The university was under some pressure when the preliminary report of the Carnegie Classification of Institutions of Higher Education was released, due to projection that the university would be bumped from R1 research institution to R2.
R1 denotes the highest ranking of the Carnegie Classification System and is reserved for institutions that have “Doctoral/Very High Research Activity.” The university has been ranked as an R1 research institution since 2000, according to the Carnegie Classification of Institutions of Higher Education archives. The last time the university was ranked as R2 was in 1994, according to the archives.
From the preliminary report, before the review period, Brandeis University was one of three institutions, including New Jersey Institute of Technology and Rensselaer Polytechnic Institute, set to be reclassified from R1 to R2 which is “Doctoral/High Research” classification. After the preliminary report is released, it is sent for a six week review. During the review, data corrections can take place to appeal and reverse classifications announcements. All three institutions’ reclassifications were reversed and they were set to keep their R1 classification.
The reversal came after the institutions updated their information regarding research, during the six week review period following the preliminary projection announcement, according to a Forbes article which had inisitally predicted the drop in ranking. According to a previous Hoot article, classifications are determined from empirical data taken from the Integrated Postsecondary Education Data System (IPEDS) from 2019-2020 and from the National Science Foundation surveys from 2019-2020.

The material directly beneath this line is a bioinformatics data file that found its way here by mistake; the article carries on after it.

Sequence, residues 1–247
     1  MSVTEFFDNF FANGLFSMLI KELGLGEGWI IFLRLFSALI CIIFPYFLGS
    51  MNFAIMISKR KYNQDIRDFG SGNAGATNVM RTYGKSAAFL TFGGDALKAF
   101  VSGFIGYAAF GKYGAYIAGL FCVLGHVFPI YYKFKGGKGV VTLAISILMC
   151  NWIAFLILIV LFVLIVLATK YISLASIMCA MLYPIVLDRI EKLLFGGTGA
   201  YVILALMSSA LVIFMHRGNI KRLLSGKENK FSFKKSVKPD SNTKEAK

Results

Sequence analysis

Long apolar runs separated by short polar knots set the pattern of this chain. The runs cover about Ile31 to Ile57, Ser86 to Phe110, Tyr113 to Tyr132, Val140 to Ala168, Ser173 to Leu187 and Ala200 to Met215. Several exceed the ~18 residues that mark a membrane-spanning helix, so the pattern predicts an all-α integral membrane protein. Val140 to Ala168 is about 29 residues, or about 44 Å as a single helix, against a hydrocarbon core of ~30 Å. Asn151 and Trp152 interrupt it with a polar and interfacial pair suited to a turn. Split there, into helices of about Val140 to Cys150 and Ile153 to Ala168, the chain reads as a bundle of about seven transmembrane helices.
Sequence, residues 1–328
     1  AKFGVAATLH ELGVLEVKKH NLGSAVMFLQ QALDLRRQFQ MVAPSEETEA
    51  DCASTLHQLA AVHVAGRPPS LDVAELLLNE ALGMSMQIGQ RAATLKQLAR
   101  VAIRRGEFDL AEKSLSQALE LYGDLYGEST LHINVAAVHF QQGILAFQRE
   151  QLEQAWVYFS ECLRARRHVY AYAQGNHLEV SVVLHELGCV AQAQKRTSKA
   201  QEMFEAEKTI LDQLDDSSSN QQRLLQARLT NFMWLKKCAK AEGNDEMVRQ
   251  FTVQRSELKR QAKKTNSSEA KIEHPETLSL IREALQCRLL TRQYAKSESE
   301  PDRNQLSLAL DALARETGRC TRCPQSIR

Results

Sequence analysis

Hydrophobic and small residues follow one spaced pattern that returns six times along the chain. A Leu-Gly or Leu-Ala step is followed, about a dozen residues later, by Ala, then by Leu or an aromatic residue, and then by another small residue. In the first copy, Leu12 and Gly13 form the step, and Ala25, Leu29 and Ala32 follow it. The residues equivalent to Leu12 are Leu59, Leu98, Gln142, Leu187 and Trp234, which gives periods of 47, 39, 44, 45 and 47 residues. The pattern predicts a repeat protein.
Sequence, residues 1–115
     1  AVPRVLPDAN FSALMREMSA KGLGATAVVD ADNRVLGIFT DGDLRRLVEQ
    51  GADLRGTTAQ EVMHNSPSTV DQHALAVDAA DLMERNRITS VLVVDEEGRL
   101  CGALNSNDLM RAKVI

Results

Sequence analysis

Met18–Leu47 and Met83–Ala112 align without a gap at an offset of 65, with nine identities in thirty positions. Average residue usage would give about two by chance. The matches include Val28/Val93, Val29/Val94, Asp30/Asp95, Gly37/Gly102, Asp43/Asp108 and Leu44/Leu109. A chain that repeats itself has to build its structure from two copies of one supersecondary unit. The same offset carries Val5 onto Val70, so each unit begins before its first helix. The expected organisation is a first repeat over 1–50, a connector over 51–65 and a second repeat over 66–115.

The university’s classification is important for obtaining grants and funding for research conducted by the university. It’s especially important because the university uses its R1 status as a selling point on their website. Being a small R1 institution makes the university appear very desirable to prospective students, so being demoted to R2 would be a pretty big hit.
However, it should be concerning to the Brandeis community that the university’s R1 ranking was on the line. For six weeks, the university was set to lose its R1 distinction with multiple sources reporting on it, including Forbes and The Chronicle of Higher Education. What does this say about the direction our university is heading?
As an editorial board we are interested to see where the university takes research opportunities on campus, in order to maintain its status and not risk losing it again. According to the Forbes article, to remain competitive institutions typically draft plans with the classification in mind. Institutions manage their budgets, facility designs, academic programs and faculty hires when attempting to climb or maintain their ranking.
The creation of the Shapiro Science Complex (SSC) was only part of the initiative to revamp the science buildings on campus. The plan never completed the other phases set, due to the 2008-2009 recession. In August 2021, President Ron Liebowitz sent an email to community members with recommendations to plan for phase 2a of the science buildings. In the same email, Liebowitz proposed to “initiate planning for greater faculty and staff support and renewal; and pursue external support for a university-wide data science program and the recently approved program in engineering science.”
These proposed plans would all be crucial in maintaining the status of R1 research institution but no timeline has been put out for when these projects are set to begin or be completed. It is wonderful to say these are things the university wants but it is pointless if no plans are ever actually set in motion. These plans have been in place now for over 10 years and still no progress has been made on them. They remain a part of the university’s future, not the present.